aka 1799 House
aka LeFevre House
Built by Ezekiel Elting in 1799
Original Gambrel Roof Destroyed
In Blizzard Of 1888. Structure
Served As Both Residence
In the early 1700's
Roelif Elting arrived in New Paltz and in 1703
married the daughter of Abraham DuBois, Sarah.
In 1760 Roelif purchased the Bevier House from
Louis Bevier's son Samuel. The house was passed
on to Roelif's son Josiah upon his death. Josiah
passed it to his son Roelif who married the
daughter of Rebecca Freer and Johannes Low and
lived in the house during the American Revolution.
Their son Ezekiel in 1799 built the house further
to the south on Huguenot Street now known as
the LeFever House.
So what's a brick
Georgian doing in New Paltz?
More than a century
has passed since the founding of New Paltz,
life has marched on and tastes have changed.
Not to mention the resources of the people of
the Village. Another new century was about to
But there's a
little secret in this house. Only the front wall
is brick, the other three are still field stone.
In building his house Ezekiel wanted to present
a prosperous front to customers arriving to his
store and visitors arriving at his door. So the
front of the house is constructed of brick and
carefully follows the Georgian style of the day,
in America known as Federal. As people approached
the house from the south along Huguenot Street
their first view would have been the south wall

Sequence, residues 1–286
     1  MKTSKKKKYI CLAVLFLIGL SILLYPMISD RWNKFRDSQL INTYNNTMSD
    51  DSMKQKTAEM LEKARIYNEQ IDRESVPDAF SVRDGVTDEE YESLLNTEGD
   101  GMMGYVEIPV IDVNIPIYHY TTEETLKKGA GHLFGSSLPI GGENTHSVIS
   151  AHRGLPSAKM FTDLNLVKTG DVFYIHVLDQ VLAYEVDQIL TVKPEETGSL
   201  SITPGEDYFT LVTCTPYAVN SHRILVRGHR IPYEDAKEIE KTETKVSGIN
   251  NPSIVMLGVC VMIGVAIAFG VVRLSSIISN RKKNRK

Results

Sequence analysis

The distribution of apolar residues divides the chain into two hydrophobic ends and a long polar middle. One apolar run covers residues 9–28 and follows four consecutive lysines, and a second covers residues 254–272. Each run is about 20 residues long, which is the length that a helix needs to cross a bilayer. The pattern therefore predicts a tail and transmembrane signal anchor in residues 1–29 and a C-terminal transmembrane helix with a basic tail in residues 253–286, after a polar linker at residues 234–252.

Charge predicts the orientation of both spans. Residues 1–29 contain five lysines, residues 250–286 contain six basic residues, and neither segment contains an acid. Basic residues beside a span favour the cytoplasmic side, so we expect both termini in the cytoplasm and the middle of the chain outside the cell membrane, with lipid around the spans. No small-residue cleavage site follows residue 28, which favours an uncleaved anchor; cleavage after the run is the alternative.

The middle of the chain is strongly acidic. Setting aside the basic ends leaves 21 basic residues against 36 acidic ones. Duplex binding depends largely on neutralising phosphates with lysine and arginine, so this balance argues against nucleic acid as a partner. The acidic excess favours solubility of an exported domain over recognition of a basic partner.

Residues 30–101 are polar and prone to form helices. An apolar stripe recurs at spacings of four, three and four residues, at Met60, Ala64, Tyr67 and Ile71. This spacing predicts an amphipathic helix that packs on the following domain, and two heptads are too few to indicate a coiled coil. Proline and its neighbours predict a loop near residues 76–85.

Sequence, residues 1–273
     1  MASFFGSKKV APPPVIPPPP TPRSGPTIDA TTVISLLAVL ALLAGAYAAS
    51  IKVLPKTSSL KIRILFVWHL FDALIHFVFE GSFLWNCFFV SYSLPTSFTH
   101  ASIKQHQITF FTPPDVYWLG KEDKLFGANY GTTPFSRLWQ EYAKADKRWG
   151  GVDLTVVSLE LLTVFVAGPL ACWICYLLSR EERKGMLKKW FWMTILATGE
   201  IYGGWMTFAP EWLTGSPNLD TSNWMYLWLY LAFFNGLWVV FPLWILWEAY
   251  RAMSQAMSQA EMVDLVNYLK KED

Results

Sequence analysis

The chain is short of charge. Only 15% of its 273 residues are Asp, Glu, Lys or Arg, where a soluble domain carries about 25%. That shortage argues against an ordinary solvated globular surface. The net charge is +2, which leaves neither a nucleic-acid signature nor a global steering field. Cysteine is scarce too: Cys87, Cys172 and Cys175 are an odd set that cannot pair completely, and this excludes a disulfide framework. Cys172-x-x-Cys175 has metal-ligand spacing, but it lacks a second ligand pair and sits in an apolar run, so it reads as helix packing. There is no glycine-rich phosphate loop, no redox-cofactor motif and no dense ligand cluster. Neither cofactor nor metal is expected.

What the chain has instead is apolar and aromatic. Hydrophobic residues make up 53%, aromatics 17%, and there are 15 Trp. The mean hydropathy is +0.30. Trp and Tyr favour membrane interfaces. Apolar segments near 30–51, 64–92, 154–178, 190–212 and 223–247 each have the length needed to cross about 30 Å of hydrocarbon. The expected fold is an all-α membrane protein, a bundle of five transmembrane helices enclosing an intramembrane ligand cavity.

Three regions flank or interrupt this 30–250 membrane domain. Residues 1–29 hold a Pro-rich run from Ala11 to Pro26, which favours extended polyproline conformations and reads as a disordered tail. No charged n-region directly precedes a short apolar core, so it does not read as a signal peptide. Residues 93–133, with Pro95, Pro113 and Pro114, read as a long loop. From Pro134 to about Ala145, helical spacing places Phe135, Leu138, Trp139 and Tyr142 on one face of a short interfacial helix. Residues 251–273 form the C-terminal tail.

tried to face the south wall with brick but
only had a limited amount and knew he would
run out half way through the wall. His solution
was to face the upper section of the wall with
brick and the lower half of the wall was parged
with cement and brick outlines were cut then
the whole thing was painted to look like brick.
And it worked. People arriving from the ferry
would have seen the upper part of the wall with
the gable and then approached the front of the
the north wall he parged the stone with cement
and cut in lines making it look like cut limestone.
Most of this facing has fallen away but there
are still sections intact.
Ezekiel built his
house as both residence and store. The north
rooms on the main floor were given over to his
business, the family occupied the south and
upstairs rooms. The home is constructed with
a center hall and four rooms on each floor symmetrically
The roof was originally
a Dutch Gambrel, but was destroyed in the blizzard
of 1888. In the reconstruction they noticed
the value of the steep pitched roofs of the
older houses on the street, all had survived
the blizzard. So they put a new steeply pitched
roof on the house. In construction they simply
built over the original lines of the roof enclosing
the remaining structural pieces which are still
visible in the attic. From the outside if you
look up at the peek of the roof on the sides
of the house you can see where they "filled
in" and get a feeling for the original silhouette.
opened the two north rooms combining them into
a single large parlor, how it is configured
In 1967 the LeFevre
Family Association was formed. Their ancestral
home had been destroyed when the children of
Samuel LeFevre sold the property to the Dutch
Reformed Church which was erected in 1839. Since
several of the daughters of Ezekiel Elting had
married LeFevres they determined to purchase
and restore the Elting House and fill it with
LeFevre family heirlooms, mostly from the Federal
and Empire periods. So though the historic marker
reads "Elting House", it is more commonly known
as the LeFevre House.